Is More Competition Always Better? An Experimental Study of Extortionary Corruption

39 Pages Posted: 24 Jan 2014 Last revised: 19 May 2017

See all articles by Dmitry Ryvkin

Dmitry Ryvkin

Florida State University

Danila Serra

Texas A&M University - Department of Economics

Multiple version iconThere are 2 versions of this paper

Date Written: March 14, 2017

Abstract

We test the effectiveness of an anti-corruption policy that is often discussed among practitioners: an increase in competition among officials providing the same good or service. In particular, we investigate whether an increase in overlapping jurisdictions reduces extortionary corruption, i.e., bribe demands for the provision of services that clients are entitled to receive. We overcome measurement and identification problems by addressing our research question in the laboratory. We conduct an extortionary bribery experiment where clients apply for a license from one of many available offices and officials can demand a bribe on top of the license fee. By manipulating the number of available offices and the size of search costs we are able to assess whether increasing competition reduces extortionary corruption. We find that, if search costs are unaffected, increasing the number of providers may actually increase corruption. In particular, our results show that increasing competition has either no effect (if search costs are high) or a positive effect (if search costs are low) on bribe demands. We compare our findings to those obtained in a standard market environment and find evidence of different search behaviors in the two settings.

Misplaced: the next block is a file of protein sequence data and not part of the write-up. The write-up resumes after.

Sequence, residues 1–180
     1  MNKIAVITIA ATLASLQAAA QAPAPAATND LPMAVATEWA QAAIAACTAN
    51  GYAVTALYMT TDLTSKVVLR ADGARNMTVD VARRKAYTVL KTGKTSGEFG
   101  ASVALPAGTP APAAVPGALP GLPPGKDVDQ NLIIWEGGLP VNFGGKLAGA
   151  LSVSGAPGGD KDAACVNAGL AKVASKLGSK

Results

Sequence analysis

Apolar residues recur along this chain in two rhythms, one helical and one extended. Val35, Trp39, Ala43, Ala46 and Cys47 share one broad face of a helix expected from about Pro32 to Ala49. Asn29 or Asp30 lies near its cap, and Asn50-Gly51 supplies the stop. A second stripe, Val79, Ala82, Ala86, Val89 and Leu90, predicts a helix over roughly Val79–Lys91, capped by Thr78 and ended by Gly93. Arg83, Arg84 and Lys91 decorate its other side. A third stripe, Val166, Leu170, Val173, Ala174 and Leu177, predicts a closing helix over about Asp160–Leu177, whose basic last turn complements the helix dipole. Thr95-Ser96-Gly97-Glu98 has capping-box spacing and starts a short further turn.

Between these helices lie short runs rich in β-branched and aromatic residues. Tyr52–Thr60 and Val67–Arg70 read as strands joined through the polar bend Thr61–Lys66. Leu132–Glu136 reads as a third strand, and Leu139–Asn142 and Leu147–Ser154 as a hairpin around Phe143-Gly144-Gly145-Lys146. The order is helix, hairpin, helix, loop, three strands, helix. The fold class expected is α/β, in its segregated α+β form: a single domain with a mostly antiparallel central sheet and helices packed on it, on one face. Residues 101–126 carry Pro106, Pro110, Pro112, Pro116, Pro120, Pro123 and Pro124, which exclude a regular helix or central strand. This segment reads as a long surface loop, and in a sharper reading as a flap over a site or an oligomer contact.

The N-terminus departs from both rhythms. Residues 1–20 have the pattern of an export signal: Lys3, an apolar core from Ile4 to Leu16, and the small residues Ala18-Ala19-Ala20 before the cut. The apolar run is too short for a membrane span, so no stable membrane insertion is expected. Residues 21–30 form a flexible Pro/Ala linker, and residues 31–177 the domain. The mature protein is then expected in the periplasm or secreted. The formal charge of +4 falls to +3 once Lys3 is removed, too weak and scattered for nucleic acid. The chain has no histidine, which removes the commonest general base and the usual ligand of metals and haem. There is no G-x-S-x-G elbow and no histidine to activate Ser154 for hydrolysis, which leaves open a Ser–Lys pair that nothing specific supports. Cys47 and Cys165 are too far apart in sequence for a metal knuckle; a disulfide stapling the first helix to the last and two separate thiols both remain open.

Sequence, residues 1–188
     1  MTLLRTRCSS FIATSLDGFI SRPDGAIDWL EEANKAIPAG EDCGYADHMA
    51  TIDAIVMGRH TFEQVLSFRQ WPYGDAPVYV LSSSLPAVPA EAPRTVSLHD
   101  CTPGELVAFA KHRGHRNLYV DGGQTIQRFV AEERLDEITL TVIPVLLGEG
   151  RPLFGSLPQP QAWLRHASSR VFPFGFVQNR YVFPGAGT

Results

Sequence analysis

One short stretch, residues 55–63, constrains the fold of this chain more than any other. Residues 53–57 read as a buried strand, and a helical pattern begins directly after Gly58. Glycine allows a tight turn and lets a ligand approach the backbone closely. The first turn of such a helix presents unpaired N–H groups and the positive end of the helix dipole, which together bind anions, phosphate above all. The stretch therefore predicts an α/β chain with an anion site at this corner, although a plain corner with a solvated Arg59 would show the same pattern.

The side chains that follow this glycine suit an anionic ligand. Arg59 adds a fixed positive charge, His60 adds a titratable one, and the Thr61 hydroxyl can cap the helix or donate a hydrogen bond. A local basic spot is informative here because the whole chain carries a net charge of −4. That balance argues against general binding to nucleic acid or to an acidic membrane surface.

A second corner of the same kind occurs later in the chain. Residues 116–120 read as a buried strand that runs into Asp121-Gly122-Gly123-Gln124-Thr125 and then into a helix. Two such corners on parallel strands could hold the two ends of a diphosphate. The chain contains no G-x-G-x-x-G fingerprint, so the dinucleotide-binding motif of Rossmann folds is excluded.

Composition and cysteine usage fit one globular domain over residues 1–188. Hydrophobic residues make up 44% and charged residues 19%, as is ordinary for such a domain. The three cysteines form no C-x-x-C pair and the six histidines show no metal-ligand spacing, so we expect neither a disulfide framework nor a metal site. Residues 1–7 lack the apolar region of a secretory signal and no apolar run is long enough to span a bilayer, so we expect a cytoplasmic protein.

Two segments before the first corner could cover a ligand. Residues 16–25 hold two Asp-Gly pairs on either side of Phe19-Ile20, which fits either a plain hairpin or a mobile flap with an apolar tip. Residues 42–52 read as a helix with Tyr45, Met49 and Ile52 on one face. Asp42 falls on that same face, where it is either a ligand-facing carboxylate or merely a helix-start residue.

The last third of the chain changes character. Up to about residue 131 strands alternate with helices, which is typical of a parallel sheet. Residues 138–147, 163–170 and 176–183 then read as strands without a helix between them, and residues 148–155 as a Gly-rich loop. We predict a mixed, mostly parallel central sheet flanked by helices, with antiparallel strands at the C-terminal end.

Keywords: Competition, Extortionary Corruption, Experiment

JEL Classification: D73, D49, C91

Suggested Citation

Ryvkin, Dmitry and Serra, Danila, Is More Competition Always Better? An Experimental Study of Extortionary Corruption (March 14, 2017). Available at SSRN: https://ssrn.com/abstract=2383879 or http://dx.doi.org/10.2139/ssrn.2383879

Dmitry Ryvkin

Florida State University ( email )

Tallahassee, FL 30306-2180
United States

Danila Serra (Contact Author)

Texas A&M University - Department of Economics ( email )

5201 University Blvd.
College Station, TX 77843-4228
United States

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